A Shadow Minister Afraid of His Own Shadow

I always thought Mark Dreyfus, Australia's Shadow Attorney-General, was elected by his Australian constituents to look after Australia's national interests.

Silly me! It seems that for some of us out there his primary political responsibility is - or should be - to defend Israel whenever they think the occasion demands.

Of course, their baying and yapping over his refusal to reflexively fall in with their peculiar Israel first obsession wouldn't much matter if Dreyfus had the inner fortitude to simply shrug it off and get on with the Australia first business for which he and his fellow parliamentarians were elected.

But no, Dreyfus, for reasons best known to himself, takes the concerns of the Israel first crowd very seriously indeed. So seriously, in fact, that he feels he owes them an explanation for not frothing at the mouth and going for the jugular whenever Israel is critiqued in his vicinity.  Hence his letter in The Australian Jewish News of October 10:

"Several people have written to me and The AJN regarding my participation in the ABC's Q&A program on September 22, and in particular my decision not to directly respond to a comment made by another of the panellists, Randa Abdel-Fattah, that was highly critical of Israel in the context of the recent conflict in Gaza."

Just to remind you what Ms Abdel-Fattah said on Q&A that night, by way of contextualising the phenomenon of Muslim youth radicalisation: "... the one thing we never address is the role of Western foreign policy and the grievances - the legitimate grievances - that cause [radicalisation]... Why is it that we choose to ignore that elephant in the room? The role of Western foreign policy in creating the mess in the Middle East that we see... the fact that we had the decimation of Gaza by Israel two months ago, and the conspiracy of silence - in fact, I'll go even further, the legitimating and justification giving Israel a licence to kill, does that not fuel anger? Does that not plant the seeds? We go around in the West trying to cut down the trees of terrorism even as we plant seeds of terrorism and we do that when we allow Israel to get away with its war crimes..."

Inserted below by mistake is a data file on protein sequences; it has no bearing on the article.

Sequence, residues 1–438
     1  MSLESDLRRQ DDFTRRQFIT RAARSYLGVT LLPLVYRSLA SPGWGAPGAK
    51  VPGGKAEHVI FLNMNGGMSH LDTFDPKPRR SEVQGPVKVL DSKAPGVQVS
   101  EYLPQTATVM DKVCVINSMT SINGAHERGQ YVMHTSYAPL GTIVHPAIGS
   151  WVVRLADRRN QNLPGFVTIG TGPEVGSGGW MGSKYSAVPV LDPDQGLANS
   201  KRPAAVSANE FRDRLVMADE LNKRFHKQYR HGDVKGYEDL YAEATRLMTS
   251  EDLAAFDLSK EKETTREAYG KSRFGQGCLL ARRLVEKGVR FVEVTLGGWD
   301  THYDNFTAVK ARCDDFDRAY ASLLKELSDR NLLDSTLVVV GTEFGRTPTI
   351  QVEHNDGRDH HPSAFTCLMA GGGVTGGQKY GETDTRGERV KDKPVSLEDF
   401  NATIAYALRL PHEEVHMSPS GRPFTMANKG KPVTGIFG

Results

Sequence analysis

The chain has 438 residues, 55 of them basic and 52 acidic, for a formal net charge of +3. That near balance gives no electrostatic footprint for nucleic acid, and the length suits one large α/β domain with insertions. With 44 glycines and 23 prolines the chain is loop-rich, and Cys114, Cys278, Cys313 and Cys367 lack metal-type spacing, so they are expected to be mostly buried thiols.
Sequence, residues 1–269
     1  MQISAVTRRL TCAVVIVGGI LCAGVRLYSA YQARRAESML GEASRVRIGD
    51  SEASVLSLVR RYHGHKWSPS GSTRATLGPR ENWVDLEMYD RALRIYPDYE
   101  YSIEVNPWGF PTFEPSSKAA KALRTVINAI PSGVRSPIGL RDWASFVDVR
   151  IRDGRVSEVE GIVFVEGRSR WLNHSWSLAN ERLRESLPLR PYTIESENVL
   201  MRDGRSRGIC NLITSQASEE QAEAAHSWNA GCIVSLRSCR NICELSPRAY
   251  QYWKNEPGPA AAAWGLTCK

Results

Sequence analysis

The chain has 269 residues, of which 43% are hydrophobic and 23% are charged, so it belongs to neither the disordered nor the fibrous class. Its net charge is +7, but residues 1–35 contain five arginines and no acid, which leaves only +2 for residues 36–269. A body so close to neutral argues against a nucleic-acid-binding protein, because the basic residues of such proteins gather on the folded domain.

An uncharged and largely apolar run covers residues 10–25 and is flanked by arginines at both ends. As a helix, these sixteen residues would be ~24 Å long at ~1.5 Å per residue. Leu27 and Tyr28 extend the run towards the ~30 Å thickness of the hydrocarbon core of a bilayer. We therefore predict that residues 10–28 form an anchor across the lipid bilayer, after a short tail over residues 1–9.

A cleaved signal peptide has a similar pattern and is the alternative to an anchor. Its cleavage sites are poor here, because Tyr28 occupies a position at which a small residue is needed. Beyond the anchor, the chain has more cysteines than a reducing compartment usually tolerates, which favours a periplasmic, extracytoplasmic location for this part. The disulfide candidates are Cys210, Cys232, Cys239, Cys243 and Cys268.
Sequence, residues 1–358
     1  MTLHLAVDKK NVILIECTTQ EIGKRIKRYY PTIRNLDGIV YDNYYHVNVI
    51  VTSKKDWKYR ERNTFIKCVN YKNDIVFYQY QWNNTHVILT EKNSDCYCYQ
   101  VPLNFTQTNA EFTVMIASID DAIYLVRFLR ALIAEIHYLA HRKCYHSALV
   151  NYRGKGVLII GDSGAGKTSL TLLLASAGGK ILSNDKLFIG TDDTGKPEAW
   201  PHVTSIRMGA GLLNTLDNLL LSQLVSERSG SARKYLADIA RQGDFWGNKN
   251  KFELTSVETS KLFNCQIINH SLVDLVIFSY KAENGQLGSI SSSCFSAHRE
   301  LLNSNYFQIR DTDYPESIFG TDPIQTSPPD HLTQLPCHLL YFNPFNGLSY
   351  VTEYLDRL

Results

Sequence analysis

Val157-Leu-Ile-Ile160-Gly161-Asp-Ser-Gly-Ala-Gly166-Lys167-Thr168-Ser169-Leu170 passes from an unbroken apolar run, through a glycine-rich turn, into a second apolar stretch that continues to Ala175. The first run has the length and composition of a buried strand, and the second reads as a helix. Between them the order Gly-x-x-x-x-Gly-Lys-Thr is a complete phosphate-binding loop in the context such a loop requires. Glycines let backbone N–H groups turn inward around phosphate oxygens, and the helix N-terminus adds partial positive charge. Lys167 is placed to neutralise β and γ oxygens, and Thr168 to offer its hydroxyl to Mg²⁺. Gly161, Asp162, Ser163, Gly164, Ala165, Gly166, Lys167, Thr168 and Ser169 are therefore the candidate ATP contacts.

A mere statement of the bleeding obvious, I would have thought. But not to Dreyfus:

"One thing on which I and all the letter writers agree is that all the views expressed by Ms Abdel-Fattah were wrong."

All the views?

So Gaza wasn't decimated?
So Israel doesn't get a free pass to kill and maim over and over and over again?
So Israel doesn't do war crimes?
So the sun doesn't rise in the east and set in the west?

But I digress.

Here are Dreyfus's (heavily pruned) reasons for not taking Ms Abdel-Fattah down, Israeli-style:

"I will briefly explain my reasons for not engaging Ms Abdel-Fattah in a debate on Israeli actions on Q&A. First, the recent conflict in Gaza was not the topic of Q&A... Secondly, Ms Abdel-Fattah's views clearly reflected a well-known perspective, and I find it hard to believe that her statements could convince anyone who did not already subscribe to her views on this topic... Finally, I respect the right of Australians to hold and express a diversity of views, including views with which I vehemently disagree."

Well and good. But then he concludes: "I will continue to take real opportunities to sensibly discuss Israel's future security."

Oh, really? Is that your job?

Apparently so.

So, readers, next time you hear the Australian shadow attorney-general going in to bat for Israel, think of the Israel first pack snapping at the poor man's heels, and keep in mind that in Mark Dreyfus we have a shadow minister seemingly afraid of his own shadow.

Oh, and contemplate too the delicious irony of Dreyfus representing the seat of Isaac, named after former Governor-General Sir Isaac Isaacs, who had no problem whatever, bless him, with putting the boot into Zionism and its dirty deeds in Palestine.*

[*See my 29/10/11 post Greg Sheridan's Worst Nightmare.]

Sunday, October 19, 2014

Mission Accomplished

"Driving down Saadoun Street, we swing past Firdos Square. There, the stump of the plinth from which a bronze of Saddam Hussein was famously toppled - the dictator's right foot remains - prompted a local to observe: 'Everyone talks of how safe it was, if not good under Saddam - you were safe if you didn't discuss politics.' Now, it seems, everyone is talking about politics - and no one is safe." (The city of burnt trees and bravado, Paul McGeough, Sydney Morning Herald, 18/10/14)